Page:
Charlayne Hunter-Gault - "Women are the Poorest of the Poor"
It’s been more than two months since I saw Charlayne Hunter-Gault speak at the Simmons Leadership Conference, but her grace, wisdom and strength still stick in my mind.
She’s had an illustrious career to date, currently serving as a foreign correspondent for NPR. Previously, she was chief national correspondent for The Newshour with Jim Lehrer on PBS from 1983 to 1997. She was the first African-American reporter for The New Yorker in 1963, and reported for the New York Times for more than ten years. She received the New York Times Publisher Award, two Emmy's, a Peabody, the Journalist of the Year Award from the National Association of Black Journalists and multiple honorary degrees.
I missed a few minutes of her speech, but I walked in just in time to hear her story of growing up in a small rural town in Georgia, attending a segregated elementary school. They got the hand-me-down books from the white schools.
Once a year, everybody in the community came together for a fundraiser for “this poor little black school,” as she described it. The child of the family who raised the most money was the school king or queen for a day.
“So the money was counted, and I heard my name called. I just couldn’t believe it. I got a Bulova watch and this little diamond tiara,” Hunter-Gault explained. “So the next day, I went to school in my bobby socks and loafers, and my little diamond tiara. I was just so proud.”
Hunter-Gault said she internalized this lesson of pride in oneself and in one’s community.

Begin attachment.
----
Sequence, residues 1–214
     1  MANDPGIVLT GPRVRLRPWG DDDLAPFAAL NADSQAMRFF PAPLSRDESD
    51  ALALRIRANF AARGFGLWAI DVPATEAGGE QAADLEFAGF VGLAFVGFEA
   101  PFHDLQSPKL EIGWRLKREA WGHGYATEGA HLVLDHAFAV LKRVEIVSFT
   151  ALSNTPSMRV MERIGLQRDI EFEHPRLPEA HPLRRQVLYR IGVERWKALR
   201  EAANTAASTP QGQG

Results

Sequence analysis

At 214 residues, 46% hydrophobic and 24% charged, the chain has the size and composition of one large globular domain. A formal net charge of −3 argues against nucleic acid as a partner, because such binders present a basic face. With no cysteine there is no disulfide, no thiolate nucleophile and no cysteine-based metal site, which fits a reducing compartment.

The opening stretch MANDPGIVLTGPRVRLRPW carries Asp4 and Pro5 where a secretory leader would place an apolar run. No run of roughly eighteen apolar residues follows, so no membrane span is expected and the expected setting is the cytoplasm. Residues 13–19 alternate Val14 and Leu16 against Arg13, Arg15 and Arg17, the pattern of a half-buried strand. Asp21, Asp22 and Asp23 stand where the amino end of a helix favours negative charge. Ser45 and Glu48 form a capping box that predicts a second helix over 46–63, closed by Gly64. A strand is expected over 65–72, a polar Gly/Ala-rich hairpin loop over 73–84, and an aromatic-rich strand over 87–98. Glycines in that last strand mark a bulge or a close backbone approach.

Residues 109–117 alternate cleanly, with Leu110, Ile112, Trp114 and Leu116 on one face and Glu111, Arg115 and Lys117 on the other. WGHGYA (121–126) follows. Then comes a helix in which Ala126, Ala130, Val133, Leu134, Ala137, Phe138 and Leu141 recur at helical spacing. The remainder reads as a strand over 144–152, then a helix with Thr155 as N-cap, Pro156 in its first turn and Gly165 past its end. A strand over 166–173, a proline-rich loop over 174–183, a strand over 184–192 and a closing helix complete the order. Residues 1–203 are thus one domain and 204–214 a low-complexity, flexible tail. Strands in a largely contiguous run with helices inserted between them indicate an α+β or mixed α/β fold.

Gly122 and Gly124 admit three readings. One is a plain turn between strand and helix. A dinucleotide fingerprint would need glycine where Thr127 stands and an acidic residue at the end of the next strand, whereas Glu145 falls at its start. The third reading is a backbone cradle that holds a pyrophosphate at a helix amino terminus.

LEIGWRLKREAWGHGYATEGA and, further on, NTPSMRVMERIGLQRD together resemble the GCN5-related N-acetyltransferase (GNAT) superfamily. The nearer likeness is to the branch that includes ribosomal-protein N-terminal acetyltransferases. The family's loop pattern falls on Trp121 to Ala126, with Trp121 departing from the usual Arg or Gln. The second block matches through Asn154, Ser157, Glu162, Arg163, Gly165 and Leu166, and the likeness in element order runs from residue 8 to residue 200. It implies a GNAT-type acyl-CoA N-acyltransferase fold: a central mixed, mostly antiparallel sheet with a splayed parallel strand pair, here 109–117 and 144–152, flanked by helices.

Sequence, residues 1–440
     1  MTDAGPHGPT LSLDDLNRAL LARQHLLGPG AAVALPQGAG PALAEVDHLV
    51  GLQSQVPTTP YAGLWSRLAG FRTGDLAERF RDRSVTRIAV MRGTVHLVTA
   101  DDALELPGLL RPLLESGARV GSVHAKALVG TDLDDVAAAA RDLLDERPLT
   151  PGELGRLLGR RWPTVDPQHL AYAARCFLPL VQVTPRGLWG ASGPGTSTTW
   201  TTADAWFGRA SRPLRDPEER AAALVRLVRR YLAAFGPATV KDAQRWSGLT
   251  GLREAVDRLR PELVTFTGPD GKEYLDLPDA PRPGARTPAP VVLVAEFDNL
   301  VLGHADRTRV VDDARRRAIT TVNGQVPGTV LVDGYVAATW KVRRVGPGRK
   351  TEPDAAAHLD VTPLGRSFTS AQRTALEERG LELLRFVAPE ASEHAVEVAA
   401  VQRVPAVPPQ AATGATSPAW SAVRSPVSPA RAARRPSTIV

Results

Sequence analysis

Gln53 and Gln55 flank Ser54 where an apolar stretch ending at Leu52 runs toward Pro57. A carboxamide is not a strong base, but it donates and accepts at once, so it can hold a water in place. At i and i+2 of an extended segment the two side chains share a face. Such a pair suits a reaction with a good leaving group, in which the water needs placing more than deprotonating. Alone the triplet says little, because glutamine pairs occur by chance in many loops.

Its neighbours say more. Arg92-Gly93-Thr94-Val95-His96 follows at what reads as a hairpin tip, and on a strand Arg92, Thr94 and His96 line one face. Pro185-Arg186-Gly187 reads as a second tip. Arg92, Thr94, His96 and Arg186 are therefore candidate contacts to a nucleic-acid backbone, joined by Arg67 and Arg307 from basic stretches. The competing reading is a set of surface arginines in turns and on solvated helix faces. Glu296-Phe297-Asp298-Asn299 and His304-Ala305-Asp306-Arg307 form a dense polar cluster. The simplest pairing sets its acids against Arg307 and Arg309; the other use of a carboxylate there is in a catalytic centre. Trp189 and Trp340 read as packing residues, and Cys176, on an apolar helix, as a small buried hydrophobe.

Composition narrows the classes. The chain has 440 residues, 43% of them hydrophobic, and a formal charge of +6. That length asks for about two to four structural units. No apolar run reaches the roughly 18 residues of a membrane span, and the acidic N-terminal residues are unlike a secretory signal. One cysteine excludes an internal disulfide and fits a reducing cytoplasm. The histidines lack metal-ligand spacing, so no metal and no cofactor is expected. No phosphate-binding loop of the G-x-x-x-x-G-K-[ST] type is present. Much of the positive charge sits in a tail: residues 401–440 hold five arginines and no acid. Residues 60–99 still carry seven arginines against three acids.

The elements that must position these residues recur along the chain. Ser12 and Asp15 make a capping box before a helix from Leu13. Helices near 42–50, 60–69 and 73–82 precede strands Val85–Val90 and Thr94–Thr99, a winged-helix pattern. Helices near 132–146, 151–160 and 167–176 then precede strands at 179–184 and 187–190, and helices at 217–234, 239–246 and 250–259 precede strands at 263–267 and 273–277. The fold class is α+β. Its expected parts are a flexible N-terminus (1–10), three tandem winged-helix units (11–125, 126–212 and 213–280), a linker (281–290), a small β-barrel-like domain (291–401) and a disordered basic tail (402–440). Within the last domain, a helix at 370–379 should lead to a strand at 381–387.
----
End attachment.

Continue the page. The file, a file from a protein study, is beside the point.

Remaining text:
“So when I walked through those crowds at the University of Georgia, and they were yelling ‘Kill the niggers,’ I thought of that little diamond tiara,” she said. When there was a mob outside her dorm, throwing bricks, she thought of her grandmother, who’d taught her bible verses in the summers. “Yeah though I walk through the valley of the shadow of death, I shall fear no evil.”
She eventually got suspended, “for her safety.” This tactic had worked at another school, because then the student criticized the school and she was expelled.
But Hunter-Gault somehow endured the climate at the university, and in 1962 became the first African-American woman to graduate from the school.
Hunter-Gault's remarks then fast-forwarded to modern-day South Africa where the “born frees” registered to vote this year in record numbers. (Born frees are citizens who were born in the post-apartheid era.) Two women ran the election process; 17 million people voted in a near-flawless election. Fifty-five percent of the voters were women.
“I look to the women of Africa to bring the second wind of change to our world, the first being the era of post colonialism,” said Hunter-Gault. “If we save the women of Africa, we can save Africa. They say that if you educate a man, you educate an individual. If you educate a woman, you educate a nation.”
But even as women are making advances in some areas, it is not translating to success in others. “In South Africa, a woman is raped every 26 seconds. In Darfur, women are raped as they go out to gather wood to cook food for their children.
"I am committed to giving you some good news too. There is more to Africa than the four D’s – death, disease, disaster, despair. That’s why I wrote New News out of Africa: Uncovering Africa's Renaissance."
The number one problem in Africa is poverty, explained Hunter-Gault. “Women are the poorest of the poor."
Why should we care? "Ghana and Angola have tremendous oil reserves. And terrorism feeds off poverty," she noted.
“So beyond caring on humanitarian grounds, and I know that many of you do, we should care out of our own national interest,” Hunter-Gault closed.